Author(s): Sebastian Vecchi, ANSYS Inc.

Problem Specification

1. Pre-Analysis & Start-Up

2. Geometry

3. Mesh

4. Physics Setup

5. Results

6. Verification & Validation

__Pre-Analysis & Start Up__

## Analytical vs. Numerical Approaches

We can either assume the geometry as an infinite plate and solve the problem analytically, or approximate the geometry as a collection of "finite elements", and solve the problem numerically. The following flow chart compares the two approaches.

Let's first review the analytical results for the infinite plate. We'll then use these results to check the numerical solution from ANSYS.

## Analytical Results

### Displacement

Let's estimate the expected displacement of the right edge relative to the center of the hole. We can get a reasonable estimate by neglecting the hole and approximating the entire plate as being in uniaxial tension. Dividing the applied tensile stress by the Young's modulus gives the uniform strain in the x direction.

Multiplying this by the half-width (5 in) gives the expected displacement of the right edge as ~ 0.1724 in. We'll check this against ANSYS AIM.

# σr

Let's consider the expected trends for σr, the radial stress, in the vicinity of the hole and far from the hole. The analytical solution for σr in an infinite plate is:

where a is the hole radius and σo is the applied uniform stress (denoted P in the problem specification). At the hole (r=a), this reduces to

This result can be understood by looking at a vanishingly small element at the hole as shown schematically below.

We see that σr at the hole is the normal stress at the hole. Since the hole is a free surface, this has to be zero.

For r >> a,

Far from the hole, σr is a function of �� only. At �� = 0, σr ~ σo. This makes sense since r is aligned with x when �� = 0. At �� = 90 deg., σr ~ 0 which also makes sense since r is now aligned with y. We'll check these trends in the ANSYS AIM results.

# σ��

Let's next consider the expected trends for σ��, the circumferential stress, in the vicinity of the hole and far from the hole. The analytical solution for σ�� in an infinite plate is:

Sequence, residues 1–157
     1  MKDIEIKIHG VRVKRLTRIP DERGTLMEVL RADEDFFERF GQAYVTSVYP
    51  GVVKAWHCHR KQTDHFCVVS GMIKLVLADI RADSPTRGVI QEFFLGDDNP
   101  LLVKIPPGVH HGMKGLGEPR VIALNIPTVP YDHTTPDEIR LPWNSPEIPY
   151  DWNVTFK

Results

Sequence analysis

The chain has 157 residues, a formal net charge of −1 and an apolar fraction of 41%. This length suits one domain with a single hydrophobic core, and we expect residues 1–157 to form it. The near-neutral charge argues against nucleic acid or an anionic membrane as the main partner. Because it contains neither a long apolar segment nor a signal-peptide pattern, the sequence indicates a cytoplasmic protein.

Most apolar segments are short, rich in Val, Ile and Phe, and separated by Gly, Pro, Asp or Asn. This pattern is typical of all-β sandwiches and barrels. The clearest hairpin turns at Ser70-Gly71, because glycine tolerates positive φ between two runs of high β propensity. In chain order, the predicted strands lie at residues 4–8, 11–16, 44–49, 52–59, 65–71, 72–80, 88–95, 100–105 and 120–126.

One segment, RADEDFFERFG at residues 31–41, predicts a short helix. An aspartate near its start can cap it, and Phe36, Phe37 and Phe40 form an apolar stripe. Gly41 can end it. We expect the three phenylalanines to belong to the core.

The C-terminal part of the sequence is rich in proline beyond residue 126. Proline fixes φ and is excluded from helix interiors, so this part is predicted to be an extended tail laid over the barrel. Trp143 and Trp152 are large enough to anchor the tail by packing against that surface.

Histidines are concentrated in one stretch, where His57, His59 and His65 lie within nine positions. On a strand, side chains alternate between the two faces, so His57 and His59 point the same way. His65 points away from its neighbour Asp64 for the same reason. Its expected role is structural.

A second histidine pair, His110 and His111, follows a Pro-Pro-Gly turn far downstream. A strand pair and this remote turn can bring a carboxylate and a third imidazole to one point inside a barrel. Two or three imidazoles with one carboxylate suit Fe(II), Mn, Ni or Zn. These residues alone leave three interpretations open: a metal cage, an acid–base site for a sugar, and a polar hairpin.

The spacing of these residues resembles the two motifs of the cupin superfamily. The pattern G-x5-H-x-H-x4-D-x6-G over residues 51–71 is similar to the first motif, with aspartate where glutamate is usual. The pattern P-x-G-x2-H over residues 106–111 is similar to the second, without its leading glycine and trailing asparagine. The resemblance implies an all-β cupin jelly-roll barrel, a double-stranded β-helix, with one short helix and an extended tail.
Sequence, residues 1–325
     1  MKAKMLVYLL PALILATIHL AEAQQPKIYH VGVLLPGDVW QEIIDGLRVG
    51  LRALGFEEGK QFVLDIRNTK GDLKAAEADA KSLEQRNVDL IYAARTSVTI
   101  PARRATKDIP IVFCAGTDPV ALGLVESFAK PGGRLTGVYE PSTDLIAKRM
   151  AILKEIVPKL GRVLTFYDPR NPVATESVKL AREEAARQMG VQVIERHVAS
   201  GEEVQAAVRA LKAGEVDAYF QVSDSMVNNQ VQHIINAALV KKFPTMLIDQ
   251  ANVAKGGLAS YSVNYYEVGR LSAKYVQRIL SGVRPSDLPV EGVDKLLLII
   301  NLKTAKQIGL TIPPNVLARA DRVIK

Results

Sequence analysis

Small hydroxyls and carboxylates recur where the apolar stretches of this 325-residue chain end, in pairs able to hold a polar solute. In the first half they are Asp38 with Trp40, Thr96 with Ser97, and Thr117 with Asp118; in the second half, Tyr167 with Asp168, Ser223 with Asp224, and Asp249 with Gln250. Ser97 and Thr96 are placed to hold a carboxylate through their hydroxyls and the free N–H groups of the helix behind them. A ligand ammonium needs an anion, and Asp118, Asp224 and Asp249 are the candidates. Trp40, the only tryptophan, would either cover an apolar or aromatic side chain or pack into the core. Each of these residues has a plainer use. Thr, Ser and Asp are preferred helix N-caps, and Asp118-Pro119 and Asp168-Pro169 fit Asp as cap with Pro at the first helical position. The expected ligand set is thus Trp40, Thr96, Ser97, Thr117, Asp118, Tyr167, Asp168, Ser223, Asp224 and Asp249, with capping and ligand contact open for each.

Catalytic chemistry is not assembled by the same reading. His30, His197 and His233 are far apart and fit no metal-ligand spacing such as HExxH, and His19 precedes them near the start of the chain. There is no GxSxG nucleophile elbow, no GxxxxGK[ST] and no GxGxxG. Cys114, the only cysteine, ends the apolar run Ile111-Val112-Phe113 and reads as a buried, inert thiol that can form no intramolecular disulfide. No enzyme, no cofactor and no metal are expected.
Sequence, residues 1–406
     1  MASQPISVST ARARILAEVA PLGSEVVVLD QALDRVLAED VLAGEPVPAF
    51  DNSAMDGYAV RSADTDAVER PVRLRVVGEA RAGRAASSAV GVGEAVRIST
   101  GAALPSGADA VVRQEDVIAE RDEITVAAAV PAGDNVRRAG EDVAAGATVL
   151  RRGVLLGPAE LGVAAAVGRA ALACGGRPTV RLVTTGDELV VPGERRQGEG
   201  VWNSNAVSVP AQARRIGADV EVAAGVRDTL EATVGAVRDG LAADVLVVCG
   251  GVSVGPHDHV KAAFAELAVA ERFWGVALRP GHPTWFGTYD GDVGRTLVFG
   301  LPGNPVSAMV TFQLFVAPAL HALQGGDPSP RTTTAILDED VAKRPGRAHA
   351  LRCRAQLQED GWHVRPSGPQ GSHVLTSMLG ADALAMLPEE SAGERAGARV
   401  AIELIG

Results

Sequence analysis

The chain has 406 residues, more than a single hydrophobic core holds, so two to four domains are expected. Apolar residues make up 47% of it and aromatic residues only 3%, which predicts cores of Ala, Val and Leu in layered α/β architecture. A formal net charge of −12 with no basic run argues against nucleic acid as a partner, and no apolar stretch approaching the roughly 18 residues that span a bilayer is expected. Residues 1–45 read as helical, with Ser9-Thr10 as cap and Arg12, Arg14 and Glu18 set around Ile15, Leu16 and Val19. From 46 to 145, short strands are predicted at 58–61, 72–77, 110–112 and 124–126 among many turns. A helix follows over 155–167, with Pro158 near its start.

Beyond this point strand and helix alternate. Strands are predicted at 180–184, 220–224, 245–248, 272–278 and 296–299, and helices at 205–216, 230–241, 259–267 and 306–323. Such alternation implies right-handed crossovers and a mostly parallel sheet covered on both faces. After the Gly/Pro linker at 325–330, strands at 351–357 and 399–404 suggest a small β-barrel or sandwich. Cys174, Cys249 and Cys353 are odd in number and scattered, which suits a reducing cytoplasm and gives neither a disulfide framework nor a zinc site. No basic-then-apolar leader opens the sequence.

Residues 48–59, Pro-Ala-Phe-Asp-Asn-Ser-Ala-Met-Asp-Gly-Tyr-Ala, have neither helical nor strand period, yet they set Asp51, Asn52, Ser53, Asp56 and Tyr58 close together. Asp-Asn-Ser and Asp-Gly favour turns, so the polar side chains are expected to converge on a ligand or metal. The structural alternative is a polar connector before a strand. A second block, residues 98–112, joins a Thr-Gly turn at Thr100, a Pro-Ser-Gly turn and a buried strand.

At r = a, this reduces to

At �� = 90 deg., σ�� = 3*σo for an infinite plate. This leads to a stress concentration factor of 3 for an infinite plate.

For r >> a,

At �� = 0 and �� = 90 deg., we get

Far from the hole, σ�� is a function of �� only but its variation is the opposite of σr (which is not surprising since r and �� are orthogonal coordinates; when r is aligned with x, �� is aligned with y and vice-versa). As one goes around the hole from �� = 0 to �� = 90 deg., σ�� increases from 0 to σo. More trends to check in the ANSYS AIM results!

# ��r��

The analytical solution for the shear stress, ��r��, in an infinite plate is:

At r = a,

By looking at a vanishingly small element at the hole, we see that ��r�� is the shear stress on a stress surface, so it has to be zero.

For r >> a,

We can deduce that, far from the hole, ��r�� = 0 both at �� = 0 and �� = 90 deg. Even more trends to check in ANSYS AIM!

# σx

First, let's begin by finding the average stress, the nominal area stress, and the maximum stress with a concentration factor.

The concentration factor for an infinite plate with a hole is K = 3. The maximum stress for an infinite plate with a hole is:

Although there is no analytical solution for a finite plate with a hole, there is empirical data available to find a concentration factor. Using a Concentration Factor Chart (Cornell 3250 Students: See Figure 4.22 on page 158 in Deformable Bodies and Their Material Behavior), we find that d/w = 1 and thus K ~ 2.73. Now, we can find the maximum stress using the nominal stress and the concentration factor:

## Start-Up

A few words on the formatting on the following instructions:

Notes that require you to perform an action are colored in blue

General information is colored in black, but does not require any action

Words that are

**bolded**are labels for items found in ANSYS AIMMost important notes are colored in red

Now that we have the pre-calculations, we are ready begin simulating in ANSYS AIM. Open ANSYS AIM by going to **Start** > **All Apps** > **ANSYS 18.1** > **ANSYS AIM 18.1**. Once you are at the start page of AIM, select the **Structural** template in the top left corner as shown below.

You will be prompted by the **Structural** Template to either **Define new geometry**, **Import geometry file**, or **Connect to active CAD session**. Select **Define new geometry** and press **Next**. For this problem we will be using static calculation type. Press **Finish** on the next panel. The Model Editor will launch automatically.